I have debated about writing those four words for quite awhile now. It wasn't until I read over on Crooks & Liars about an 18 year old schizophrenic boy being killed in his home by a police officer that I decided that now is the right time.
In the summer of 1987, after having attempted to kill myself, I was diagnosed as a manic-depressive (bipolar is today's term) with a borderline personality disorder. I was only 18 at the time and had graduated from high school that spring. Even after years of seeing a psychologist from seventh grade until my senior year, this was the first time I had been diagnosed as with a mental illness.
As with most who suffer from a mental illness, one wouldn't necessarily know that I am a manic-depressive with a borderline personality disorder just by looking at me. I try to dress nicely, am fairly well groomed and fairly well spoken. To be honest, I don't want anyone to know that I have a mental illness. All I want them to see is the facade of a "normal" person trying to make it through this world.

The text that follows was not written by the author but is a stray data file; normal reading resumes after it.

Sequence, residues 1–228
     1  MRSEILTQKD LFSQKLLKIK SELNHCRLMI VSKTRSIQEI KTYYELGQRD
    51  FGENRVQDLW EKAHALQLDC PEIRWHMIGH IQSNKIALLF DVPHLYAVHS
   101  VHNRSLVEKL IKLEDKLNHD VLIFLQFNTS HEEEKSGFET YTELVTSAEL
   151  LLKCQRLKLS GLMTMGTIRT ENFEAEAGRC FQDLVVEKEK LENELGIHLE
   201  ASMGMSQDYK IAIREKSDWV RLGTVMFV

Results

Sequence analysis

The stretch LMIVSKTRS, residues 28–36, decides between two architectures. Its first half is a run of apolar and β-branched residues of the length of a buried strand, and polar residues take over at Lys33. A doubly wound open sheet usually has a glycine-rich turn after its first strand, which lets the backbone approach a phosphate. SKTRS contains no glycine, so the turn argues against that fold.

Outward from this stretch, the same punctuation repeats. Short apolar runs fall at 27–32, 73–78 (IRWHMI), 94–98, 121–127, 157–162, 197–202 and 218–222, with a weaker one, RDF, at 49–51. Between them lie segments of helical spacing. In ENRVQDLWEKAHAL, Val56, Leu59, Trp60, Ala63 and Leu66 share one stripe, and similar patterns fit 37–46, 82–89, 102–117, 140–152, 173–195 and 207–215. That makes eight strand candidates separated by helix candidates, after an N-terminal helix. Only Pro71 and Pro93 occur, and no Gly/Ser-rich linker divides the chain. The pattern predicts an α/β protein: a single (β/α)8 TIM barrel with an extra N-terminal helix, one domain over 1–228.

I don't want people to know the daily struggle I have fighting against both mania and depression. I don't want people to know that I can't stand being around people while still needing to be around people. (Wrap your head around that one.) I especially don't want people to know that I am not really employable for more than three months at a time and am currently seeking government assistance.
This is the blogger you have been reading. I am hoping that what I have been suffering through for over 30 years doesn't scare you off and I am hoping that by me sharing with you that I am mentally ill, that you have a better understanding of me.
National Alliance on Mental Illness